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I have several important and private documents I would like to try 'scanning' with my digital camera. On or two very quick experiments shows image quality and size are excellent.
Two problems I found though were the yellowing of white paper - I was advised not to use the flash, so the the ambient light colour in the room seems to have dominated. What should I do about lighting? Use an artificial electric lamp with a very white light, or use sunlight in a much more brightly lit room?
My other problem is crinkles and folds in the documents that clearly show in the 'scans'. One's first though is to place a piece of glass over the document to flatten it, but that brings the risk of reflections. Is there some kind of material I can use in place of glass that is highly transparent, but non-reflective? Something I could get from a photography or art shop, or maybe a printing supply shop?
I was going to mention that as well. Many all-in-one printers can scan images. I've found the quality to be good enough and if it isn't, any half-decent imaging software can make corrections without losing much of the original warts and all.
"I do not have to forgive my enemies, I have had them all shot." — Ramón Maria Narváez (1800-68).
"I don't need to shoot my enemies, I don't have any." - Me (2012).
Panic, Chaos, Destruction. My work here is done.
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You could always just... you know... use a scanner. It is what they're designed for after all. A cheap 3 in 1 printer is roughly £35 in the UK. I cant see them being much more expensive anywhere else civilised.
I'm a contractor that's been here a month and attracted attention by taking too much leave, and being late from transport problems. I don't think I'll be ordering anything until I release some software.
Just order it and be damned, they'll be awestruck by your balls and not say anything.
Here is an email that I sent to my boss 4 years ago;
Now that we have a 'waterit' e-mail account, it would make sense that we have some sort of method of monitoring this if it is to be useful in catching problems as they develop.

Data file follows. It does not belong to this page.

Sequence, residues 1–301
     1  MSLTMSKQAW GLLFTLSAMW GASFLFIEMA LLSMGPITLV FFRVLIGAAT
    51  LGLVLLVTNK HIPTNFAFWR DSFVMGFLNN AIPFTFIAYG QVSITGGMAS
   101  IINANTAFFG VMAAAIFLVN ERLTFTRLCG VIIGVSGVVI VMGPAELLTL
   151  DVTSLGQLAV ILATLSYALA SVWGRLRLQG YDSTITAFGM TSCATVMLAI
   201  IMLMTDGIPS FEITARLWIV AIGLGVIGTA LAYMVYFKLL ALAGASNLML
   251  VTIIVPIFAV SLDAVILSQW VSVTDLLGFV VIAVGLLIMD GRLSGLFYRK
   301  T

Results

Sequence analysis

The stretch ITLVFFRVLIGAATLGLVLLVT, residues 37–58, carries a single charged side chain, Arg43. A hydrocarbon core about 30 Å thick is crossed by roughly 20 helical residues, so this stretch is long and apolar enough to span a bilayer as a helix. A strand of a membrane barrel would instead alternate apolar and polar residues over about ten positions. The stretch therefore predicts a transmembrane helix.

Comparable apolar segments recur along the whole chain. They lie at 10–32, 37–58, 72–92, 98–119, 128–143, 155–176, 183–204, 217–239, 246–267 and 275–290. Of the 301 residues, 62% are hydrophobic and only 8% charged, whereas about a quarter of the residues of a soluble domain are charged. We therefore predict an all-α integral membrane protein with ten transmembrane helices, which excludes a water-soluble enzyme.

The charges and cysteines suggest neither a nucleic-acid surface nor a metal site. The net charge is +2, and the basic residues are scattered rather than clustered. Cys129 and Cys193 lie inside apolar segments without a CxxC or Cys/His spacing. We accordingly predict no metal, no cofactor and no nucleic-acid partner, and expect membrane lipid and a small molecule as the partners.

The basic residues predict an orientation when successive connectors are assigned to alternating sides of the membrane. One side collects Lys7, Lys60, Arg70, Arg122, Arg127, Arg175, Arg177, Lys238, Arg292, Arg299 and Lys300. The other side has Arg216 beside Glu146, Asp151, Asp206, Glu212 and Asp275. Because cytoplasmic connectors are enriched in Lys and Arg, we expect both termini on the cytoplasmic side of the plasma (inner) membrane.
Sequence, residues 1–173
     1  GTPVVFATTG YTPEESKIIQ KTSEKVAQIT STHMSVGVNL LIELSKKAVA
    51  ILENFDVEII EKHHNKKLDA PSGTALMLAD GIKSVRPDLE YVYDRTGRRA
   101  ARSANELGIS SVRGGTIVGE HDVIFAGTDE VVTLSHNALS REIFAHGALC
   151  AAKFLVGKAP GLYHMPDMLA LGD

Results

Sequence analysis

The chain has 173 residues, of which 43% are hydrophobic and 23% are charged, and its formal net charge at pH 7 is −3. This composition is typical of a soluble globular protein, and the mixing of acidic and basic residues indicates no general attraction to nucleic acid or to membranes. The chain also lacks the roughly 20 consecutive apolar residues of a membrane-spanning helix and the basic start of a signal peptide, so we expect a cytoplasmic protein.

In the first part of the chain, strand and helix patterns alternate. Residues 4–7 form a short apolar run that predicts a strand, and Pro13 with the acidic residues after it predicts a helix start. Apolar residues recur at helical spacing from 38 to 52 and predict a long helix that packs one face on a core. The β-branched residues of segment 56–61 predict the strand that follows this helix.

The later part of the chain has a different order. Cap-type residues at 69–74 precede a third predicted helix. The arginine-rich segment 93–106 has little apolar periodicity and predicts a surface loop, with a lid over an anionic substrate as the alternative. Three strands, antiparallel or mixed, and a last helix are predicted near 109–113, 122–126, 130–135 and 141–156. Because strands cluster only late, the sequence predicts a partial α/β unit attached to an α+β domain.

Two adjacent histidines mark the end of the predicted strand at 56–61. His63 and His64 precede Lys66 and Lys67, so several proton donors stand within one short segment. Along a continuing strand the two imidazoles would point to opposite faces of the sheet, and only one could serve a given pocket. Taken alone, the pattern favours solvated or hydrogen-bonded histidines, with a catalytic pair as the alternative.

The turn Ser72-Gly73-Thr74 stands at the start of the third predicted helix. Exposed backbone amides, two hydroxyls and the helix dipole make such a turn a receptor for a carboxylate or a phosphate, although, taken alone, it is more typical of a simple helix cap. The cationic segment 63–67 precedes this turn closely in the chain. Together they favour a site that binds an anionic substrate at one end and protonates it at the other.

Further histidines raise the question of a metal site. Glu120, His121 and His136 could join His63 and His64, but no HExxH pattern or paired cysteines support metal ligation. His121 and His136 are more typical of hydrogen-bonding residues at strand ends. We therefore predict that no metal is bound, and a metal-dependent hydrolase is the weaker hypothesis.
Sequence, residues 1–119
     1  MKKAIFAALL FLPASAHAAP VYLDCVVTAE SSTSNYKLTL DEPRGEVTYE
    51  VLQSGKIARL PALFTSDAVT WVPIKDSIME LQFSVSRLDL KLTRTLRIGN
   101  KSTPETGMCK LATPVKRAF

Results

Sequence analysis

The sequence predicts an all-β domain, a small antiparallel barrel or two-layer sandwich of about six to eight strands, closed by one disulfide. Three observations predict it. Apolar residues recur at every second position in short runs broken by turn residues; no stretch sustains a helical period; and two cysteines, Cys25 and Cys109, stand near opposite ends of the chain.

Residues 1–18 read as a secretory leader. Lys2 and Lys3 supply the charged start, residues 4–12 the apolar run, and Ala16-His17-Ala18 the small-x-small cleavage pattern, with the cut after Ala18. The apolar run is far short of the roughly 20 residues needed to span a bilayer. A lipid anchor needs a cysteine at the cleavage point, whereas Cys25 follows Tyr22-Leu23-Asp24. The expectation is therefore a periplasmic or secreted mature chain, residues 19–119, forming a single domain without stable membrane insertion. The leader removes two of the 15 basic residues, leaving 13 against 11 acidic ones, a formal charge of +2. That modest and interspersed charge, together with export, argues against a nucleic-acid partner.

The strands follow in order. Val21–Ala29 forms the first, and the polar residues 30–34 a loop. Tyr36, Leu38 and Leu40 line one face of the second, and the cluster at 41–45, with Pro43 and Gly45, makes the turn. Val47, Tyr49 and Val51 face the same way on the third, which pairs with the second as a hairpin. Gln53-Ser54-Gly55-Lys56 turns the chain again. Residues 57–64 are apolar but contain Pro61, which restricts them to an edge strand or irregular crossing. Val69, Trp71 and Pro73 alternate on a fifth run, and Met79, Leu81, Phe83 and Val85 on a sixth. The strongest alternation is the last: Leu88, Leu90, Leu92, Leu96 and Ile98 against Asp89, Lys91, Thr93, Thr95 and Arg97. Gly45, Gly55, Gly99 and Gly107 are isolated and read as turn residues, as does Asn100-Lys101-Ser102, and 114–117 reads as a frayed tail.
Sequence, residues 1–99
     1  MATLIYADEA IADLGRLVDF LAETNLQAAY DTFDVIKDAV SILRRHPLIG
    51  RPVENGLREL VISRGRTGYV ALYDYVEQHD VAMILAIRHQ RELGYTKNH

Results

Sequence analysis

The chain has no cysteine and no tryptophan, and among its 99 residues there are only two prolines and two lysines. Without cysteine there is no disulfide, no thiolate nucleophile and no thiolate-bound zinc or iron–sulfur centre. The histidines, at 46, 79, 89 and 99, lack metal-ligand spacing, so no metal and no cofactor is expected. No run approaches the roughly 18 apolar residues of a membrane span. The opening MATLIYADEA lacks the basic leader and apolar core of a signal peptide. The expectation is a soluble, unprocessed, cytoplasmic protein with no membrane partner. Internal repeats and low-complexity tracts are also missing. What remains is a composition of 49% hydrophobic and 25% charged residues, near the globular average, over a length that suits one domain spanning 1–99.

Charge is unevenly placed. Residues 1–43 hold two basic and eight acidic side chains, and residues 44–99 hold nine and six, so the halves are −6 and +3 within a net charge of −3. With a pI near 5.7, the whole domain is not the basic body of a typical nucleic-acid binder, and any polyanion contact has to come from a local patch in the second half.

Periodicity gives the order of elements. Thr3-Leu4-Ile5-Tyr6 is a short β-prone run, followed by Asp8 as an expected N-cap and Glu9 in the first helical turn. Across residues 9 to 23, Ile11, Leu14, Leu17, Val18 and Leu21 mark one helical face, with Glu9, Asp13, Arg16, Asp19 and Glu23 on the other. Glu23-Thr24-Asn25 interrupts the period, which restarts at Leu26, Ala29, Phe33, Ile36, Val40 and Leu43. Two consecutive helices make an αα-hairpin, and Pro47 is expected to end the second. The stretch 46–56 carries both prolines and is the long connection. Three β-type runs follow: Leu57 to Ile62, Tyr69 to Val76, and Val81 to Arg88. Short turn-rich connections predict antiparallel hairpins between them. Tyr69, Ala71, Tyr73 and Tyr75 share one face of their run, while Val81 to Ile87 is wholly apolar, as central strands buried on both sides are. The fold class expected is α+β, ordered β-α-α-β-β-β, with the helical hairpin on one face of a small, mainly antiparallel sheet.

It is relatively simple to connect to the Exchange Server and monitor the various folders we have set up and then display the results of this in a webpage.
This web-page would poll at whatever interval we require and display whatever we want, it could flash if e-mails are received that could possibly indicate an immediate problem, it could display totals so we can see what is going on in various systems.
It would also be feasible to write scripts to monitor activity on the servers so we could see any problems developing with disc space, DB activity, backups or whatever.
If we were to have this setup and working then obviously we need a screen on it, were it to be a normal monitor then obviously that would require someone to walk past and look at it.
What we ideally need is a big wall-mounted screen that is clearly visible from everyone's desk (next to the clock is an area that immediately presents itself.
This would mean less time spent checking things to see how they are progressing, and immediate notification to the room, and thereby to whoever is present and currently holding responsibility to do something.
It would also mean that we could make it flash red, and sound a siren.
This, I firmly believe, would be a good idea.
The response I received was;
Find out the cost (ballpark) and I will do a business case.
And we ended up with a big telly in our office that had freeview and could quickly be switched to the monitoring screen should the need arise. We never did get around to creating anywhere near as exciting a monitoring suite as described.